I hope you enjoyed the last discussion on direct modulation. If you haven’t seen it you can check it out here.
Today we’re going to be taking a look at technique used by composers and songwriters from Beethoven to The Beatles: common chord modulation.
Common chord modulation is, in a word, subtle. This is a glaring contrast to the abrupt- (and sometimes cheesy-) sounding direct modulation that we explored in part 1. (No offense, direct modulation. Barry Manilow will always love you.)
To give an analogy…
Direct modulation is like jumping from the home key to the destination key.
Common chord modulation is like stepping one foot into the destination key before the other.
Common chord modulation is a great method of moving from one key to another, without drawing much attention. Unlike direct modulation, it can often go unnoticed by the untrained ear. This allows the composer to make drastic changes through subtle nuance.
There are two types of common chord modulation:
- Diatonic Common Chord Modulation
- Altered Common Chord Modulation
These terms can sound pretty intimidating in you’re unfamiliar. Unfortunately, when dealing with music theory many terms sound more scientific than musical. On the bright side, I can help you to make sense of them and show you how to apply these concepts to your own compositions.
Let’s take a look at each one in turn.
DIATONIC COMMON CHORD MODULATION
Key changes can be made to sound very fluid by using a common chord. That is, a chord that is shared by the home and destination keys. This chord acts as a pivot, which links the two keys and allows for a smooth transition between them.
Let’s say we want to use diatonic common chord modulation to move from C major to G major.
The first step is identifying the diatonic chords in each key.
Here is the harmonized C major scale:
Here is the harmonized G major scale:
Notice that these two keys have a few chords in common. The chords that appear in both C major and G major (C, G, Am, Em) are called “common chords”—creative name, eh?
Now that we have identified the common chords in these two keys, we will choose the chord(s) on which to pivot. This is going to be our point of transition into the new key.
To be clear:
Common chords are merely the chords that two keys have in common.
Pivot chords are the chords that we’ve actually chosen to use in our modulation.
Here’s an example of a pivot chord modulation from C major to G major.
Notice there are two pivot chords here: Em and Am. Because C major and G major are closely related keys (and thus, have several chords in common), we are at liberty to use more than one. As a result, the modulation is seamless.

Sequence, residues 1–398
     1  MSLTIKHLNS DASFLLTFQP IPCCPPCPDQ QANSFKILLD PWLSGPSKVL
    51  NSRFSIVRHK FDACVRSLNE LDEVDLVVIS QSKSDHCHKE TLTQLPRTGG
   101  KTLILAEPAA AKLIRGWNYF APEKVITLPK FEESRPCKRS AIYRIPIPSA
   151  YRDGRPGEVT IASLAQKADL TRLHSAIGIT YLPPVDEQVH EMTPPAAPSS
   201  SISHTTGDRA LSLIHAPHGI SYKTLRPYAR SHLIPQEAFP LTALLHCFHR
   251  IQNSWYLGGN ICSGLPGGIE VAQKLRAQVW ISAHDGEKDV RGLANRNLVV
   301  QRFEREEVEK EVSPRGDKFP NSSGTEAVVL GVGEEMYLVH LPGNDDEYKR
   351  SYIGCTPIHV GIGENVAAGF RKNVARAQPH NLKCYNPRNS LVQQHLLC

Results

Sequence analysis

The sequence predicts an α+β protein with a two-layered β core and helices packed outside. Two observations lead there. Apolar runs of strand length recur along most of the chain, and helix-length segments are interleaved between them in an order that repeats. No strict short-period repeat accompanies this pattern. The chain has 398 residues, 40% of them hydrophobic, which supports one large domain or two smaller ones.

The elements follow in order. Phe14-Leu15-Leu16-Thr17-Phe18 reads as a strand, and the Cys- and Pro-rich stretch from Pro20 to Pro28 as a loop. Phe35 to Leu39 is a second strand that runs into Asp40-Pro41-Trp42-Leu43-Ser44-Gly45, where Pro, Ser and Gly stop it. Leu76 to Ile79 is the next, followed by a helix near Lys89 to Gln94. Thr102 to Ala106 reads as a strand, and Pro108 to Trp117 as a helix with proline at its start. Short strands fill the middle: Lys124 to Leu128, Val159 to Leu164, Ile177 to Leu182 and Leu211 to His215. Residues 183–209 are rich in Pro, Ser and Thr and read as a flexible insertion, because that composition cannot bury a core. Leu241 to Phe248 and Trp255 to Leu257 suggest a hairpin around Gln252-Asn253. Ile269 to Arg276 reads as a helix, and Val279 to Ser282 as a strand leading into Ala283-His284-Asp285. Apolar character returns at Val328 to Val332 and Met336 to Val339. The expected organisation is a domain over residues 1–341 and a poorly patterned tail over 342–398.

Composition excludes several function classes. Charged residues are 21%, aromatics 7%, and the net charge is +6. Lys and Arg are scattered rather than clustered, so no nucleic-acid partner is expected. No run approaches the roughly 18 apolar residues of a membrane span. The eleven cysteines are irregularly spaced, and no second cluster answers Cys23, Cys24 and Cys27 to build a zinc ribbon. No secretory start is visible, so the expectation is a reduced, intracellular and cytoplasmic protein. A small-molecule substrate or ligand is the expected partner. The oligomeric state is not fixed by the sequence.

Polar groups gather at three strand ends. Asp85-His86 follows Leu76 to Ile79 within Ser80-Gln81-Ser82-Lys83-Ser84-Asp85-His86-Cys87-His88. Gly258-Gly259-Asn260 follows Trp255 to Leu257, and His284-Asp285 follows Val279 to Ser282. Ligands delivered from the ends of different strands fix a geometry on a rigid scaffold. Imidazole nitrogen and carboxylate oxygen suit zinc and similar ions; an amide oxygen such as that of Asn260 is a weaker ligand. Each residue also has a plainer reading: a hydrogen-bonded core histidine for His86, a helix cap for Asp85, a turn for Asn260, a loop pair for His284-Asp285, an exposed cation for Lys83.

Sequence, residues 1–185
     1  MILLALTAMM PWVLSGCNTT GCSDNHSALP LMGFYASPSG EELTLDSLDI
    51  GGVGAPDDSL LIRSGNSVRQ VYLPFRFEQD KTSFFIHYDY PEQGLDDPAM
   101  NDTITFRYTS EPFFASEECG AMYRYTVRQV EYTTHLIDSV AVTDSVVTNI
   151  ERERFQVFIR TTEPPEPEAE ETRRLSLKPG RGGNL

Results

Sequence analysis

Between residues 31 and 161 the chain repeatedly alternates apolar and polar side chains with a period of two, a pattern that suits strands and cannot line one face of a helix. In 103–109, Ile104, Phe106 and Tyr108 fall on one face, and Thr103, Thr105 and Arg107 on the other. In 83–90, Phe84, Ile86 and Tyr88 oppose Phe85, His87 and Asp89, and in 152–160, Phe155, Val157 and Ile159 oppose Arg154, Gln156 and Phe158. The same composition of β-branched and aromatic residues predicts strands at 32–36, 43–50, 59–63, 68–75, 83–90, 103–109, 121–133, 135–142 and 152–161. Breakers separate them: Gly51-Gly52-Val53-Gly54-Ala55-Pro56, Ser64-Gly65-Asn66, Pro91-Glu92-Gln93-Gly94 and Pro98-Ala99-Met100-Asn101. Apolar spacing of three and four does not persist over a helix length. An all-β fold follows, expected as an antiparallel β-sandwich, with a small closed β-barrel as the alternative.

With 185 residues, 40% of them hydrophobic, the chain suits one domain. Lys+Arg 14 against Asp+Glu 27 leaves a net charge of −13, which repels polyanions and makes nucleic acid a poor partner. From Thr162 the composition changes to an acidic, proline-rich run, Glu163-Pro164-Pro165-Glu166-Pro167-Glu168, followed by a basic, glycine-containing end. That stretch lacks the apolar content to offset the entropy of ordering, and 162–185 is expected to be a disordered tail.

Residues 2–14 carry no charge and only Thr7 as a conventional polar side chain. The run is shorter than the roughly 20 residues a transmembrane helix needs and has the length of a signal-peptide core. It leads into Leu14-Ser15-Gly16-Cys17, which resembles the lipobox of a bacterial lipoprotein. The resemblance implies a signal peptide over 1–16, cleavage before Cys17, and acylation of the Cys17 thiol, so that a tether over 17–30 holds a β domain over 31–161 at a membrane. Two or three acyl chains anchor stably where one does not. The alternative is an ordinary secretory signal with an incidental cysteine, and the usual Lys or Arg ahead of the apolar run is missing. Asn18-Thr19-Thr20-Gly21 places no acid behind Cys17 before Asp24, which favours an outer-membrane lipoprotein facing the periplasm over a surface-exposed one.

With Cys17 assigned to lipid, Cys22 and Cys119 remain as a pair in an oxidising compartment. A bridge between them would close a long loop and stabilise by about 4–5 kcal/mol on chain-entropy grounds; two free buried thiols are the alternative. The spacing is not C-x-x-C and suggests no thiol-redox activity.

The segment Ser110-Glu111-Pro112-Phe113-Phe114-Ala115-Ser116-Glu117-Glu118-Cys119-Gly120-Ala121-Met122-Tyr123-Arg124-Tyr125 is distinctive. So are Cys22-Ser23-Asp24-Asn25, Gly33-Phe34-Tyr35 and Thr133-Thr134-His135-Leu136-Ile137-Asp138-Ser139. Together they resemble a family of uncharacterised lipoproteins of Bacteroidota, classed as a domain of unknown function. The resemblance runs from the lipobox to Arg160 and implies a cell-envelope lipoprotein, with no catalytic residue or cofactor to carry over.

Now that we’ve laid the foundation, let’s see how the pros do it.
THE BEATLES – “HERE, THERE, AND EVERYWHERE”
If I didn’t know any better, I’d think the title, “Here, There, Everywhere,” was alluding to the tonal center of this song. This late-Beatles classic is rife with key changes. Some of the modulations are so fluid that it’s hard to determine the tonality without transcription and analysis. (That’s where I come in.)
Let’s take a look at just one (okay, maybe two) of the modulations present in this song.
The song begins in G major. The tonal center is confirmed with a I – ii7 – iii – IV progression beginning at 0:11.
After a single repetition of the diatonic progression, the tonality becomes a bit ambiguous. While F#ø7 functions as vii of G, the B7 seems a bit out of place. Bm is iii in the key of G, but B7?
By looking ahead to the next measure, we can see that the F#ø7 and B7 function as iiø7 and V7 in E minor, respectively.
Now let’s connect the whole thing.
After connecting the previous excerpts, you can see that the pivot actually began on C and extended through F#ø7, providing a smooth transition from G major to the relative key o E minor.
And the modulations don’t end there!
Have a look at the harmonic outline below.
The tonality immediately begins to shift back in the direction of the home key. The final Em, as seen in the previous example, is used as a diatonic pivot chord (iv in G major), leading to a cadence that confirms the home key once again.
You may notice that A7 does not fit into either E minor or G major. We’ll talk about that in the next section.
Here is what it looks and sounds like once the preceding excerpts are connected:
Diatonic common chord modulation is an extremely useful tool. It works very well to create a smooth transition between closely related keys and it can be accomplished in a single step.
On the downside, it leaves something to be desired when modulating to a distantly related key. This is where altered common chord modulation becomes quite helpful.
ALTERED COMMON CHORD MODULATION
If you’ve decided to modulate to a distantly related key, but don’t want the abrupt sound of direct modulation, altered common chord modulation is a great solution.
Let’s say we wanted to modulate from the key of C major to the key of F minor.
Here is the harmonized C major scale: